Will Power found sweet consolation in winning the Grand Prix of Portland despite being out of the championship hunt.

Colton Herta broke away from outside polesitter Will Power to hold the early lead as Scott Dixon and Jack Harvey fell in line through Turn 1. Further back, Graham Rahal triggered a four-car accident when he contacted Zach Veach's right rear heading into the right-hander Turn 1.

Veach's spinning car came into the path the Arrow Schmidt Peterson Motorsports entry of James Hinchcliffe. The other SPM entry of Conor Daly was also eliminated while Rahal's teammate Takuma Sato drove away with minor damage.

None of the leaders stopped under the 11 lap caution, and Herta once again defended the lead with Scott Dixon snatching the second spot away from Power. Turn one became a trouble spot once again the next lap when Ryan Hunter-Reay crashed into Jack Harvey in Turn 1.

The action got back underway on Lap 18 with Dixon attempting to pounce on the IndyCar rookie heading into turn one. Herta kept him at bay and moved him back into the clutches of Power heading through the festival curves.

The action stabilized up front as Penske's championship leader Josef Newgarden was climbing through the field. The Tennessean picked off drivers with little effort and was running seventh by Lap 21.

Herta's initial solid pace began to slow as his option red tyres began to give up grip, putting him right into Dixon's grasp. Dixon saw a chance on Lap 37 and drafted him heading down the backstretch before passing him heading into turn 10.

The slide continued for Herta as he then was dispatched by Power, Alexander Rossi and Felix Rosenqvist. That prompted him to kick off the first round of green stops on Lap 39 along with Carlin Racing driver Charlie Kimball.

The leading quartet of Dixon, Power, Newgarden and Rossi made their stops on Lap 42 with Dixon leading the race off pit road.

Rosenqvist stayed out a lap longer before making his necessary stop. His CGR crew delivered a lighting quick stop which allowed the Swede to move into third ahead of Rossi while Dixon retook the lead after the final drivers stopped.

Dixon had three seconds in the bank over Power and was in clean air when an electrical problem suddenly brought him into the pits on Lap 52. A feverishly long stop to replace the battery on his No. 9 PNC Bank Honda cost him three precious laps and has effectively ended his championship hopes.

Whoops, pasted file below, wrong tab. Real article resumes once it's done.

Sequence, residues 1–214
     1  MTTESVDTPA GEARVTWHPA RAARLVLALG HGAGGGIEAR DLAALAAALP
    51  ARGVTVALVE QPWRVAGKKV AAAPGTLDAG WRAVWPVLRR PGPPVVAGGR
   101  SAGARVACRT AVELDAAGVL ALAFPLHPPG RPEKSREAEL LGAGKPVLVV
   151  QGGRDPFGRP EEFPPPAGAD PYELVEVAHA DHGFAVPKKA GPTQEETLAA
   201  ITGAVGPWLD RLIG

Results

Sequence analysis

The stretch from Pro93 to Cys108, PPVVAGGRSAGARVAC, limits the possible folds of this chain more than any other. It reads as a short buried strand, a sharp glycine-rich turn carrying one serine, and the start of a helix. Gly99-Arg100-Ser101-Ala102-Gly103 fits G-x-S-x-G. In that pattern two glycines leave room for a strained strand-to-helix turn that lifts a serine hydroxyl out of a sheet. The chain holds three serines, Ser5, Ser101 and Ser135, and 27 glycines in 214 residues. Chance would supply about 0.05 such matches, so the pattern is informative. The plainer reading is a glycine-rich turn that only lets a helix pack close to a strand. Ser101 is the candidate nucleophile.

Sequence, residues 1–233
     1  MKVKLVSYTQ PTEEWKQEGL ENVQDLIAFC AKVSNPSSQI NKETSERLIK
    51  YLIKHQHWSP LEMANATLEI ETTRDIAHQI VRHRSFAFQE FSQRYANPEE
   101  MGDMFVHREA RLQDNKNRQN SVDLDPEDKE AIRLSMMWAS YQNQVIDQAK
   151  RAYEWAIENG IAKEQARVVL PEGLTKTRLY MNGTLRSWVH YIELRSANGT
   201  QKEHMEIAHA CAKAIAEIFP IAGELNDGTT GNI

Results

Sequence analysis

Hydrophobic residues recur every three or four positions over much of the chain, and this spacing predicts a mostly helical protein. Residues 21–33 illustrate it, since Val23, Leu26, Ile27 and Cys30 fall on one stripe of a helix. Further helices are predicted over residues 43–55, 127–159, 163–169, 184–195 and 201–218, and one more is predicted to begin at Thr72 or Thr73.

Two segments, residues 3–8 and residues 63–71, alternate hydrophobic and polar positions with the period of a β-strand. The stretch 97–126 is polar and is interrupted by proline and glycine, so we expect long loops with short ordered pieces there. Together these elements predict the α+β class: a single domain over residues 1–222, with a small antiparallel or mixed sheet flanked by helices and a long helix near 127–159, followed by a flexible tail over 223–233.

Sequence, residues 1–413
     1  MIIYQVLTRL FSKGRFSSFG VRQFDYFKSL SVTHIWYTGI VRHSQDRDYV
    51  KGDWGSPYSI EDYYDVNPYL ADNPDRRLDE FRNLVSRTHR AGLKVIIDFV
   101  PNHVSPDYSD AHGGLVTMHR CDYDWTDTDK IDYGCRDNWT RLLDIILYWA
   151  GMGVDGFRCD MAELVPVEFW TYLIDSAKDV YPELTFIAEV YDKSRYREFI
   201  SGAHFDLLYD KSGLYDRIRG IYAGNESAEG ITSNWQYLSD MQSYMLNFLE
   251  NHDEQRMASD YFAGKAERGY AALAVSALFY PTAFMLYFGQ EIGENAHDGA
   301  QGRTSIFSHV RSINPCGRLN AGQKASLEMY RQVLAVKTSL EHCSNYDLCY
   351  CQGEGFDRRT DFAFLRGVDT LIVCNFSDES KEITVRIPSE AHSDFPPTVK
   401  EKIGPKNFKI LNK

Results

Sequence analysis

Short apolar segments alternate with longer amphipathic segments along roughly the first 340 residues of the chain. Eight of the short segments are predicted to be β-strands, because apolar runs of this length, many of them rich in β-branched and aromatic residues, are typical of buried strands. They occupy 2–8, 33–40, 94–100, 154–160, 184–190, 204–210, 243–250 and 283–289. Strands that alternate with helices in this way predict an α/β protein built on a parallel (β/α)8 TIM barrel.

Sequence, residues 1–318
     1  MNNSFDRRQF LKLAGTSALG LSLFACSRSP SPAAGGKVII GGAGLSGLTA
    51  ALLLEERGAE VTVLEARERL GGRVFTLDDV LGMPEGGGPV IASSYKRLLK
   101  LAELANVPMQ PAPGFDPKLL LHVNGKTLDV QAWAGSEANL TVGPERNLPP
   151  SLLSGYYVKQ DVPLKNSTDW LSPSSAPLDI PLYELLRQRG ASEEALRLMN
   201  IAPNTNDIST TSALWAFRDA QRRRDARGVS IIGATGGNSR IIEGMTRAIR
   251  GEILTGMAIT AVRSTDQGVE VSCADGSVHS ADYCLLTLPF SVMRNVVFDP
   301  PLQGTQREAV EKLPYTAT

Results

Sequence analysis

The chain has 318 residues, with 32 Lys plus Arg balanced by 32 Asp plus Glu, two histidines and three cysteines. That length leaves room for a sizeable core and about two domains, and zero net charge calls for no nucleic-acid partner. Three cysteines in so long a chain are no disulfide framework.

That moved Power back to the lead with around a second lead over Rosenqvist. The Australian saw the sense of urgency rise and steadily built up a 2.7 lead over the next 20 laps while Rossi ran third.

Newgarden ran fourth but soon relinquished the spot to Herta as his reds gave off pace.

Power swapped the lead over to Rosenqvist when he made his final stop on Lap 73. The lone opportunity for Rosenqvist to make up time came and went when he stopped the very next lap. The stop was roughly eight seconds long and he could only watch as Power zoomed by at full speed and retook the lead.

All looked to be smooth sailing for Power until Santino Ferrucci slowed to a halt on the front straightaway. That brought out the yellow flag and brought the Swede right to Power's rear wing for a four-lap shootout.

Power performed a clean restart and was nearly 1.5 seconds ahead by the end of the lap. He never faltered from there and picked up the checkered flag with ease.

He admitted while he controlled most of the race's final half, Rosenqvist's pace forced him to stay on his toes.

"Rosenqvist caused some pressure. At the end we could slowly pull away and I felt like oh yeah, this is going to be good; and then we got that yellow flag, and I'm like oh, come on, man! But, I was determined to get a good restart and just so stoked to get into Victory Lane. It helps the teams and the other guys take some points away. Awesome. I'm exhausted. I'm mentally exhausted."

Rosenqvist's second-place matched his career-best finish, having finished second at Mid-Ohio last month. Alexander Rossi rounded out the podium but only gained four points on Josef Newgarden in the championship chase. Newgarden's fifth-place finish leaves him with a comfortable 41 point lead heading into the final round.

Sandwiched between the championship pair was polesitter Colton Herta, who picked up his first top-five finish since his win at COTA in March.

Pagenaud rebounded from a slow qualifying time to finish seventh while AJ Foyt Racing driver Mattheus Leist was the biggest mover - improving 13 spots to finish eighth.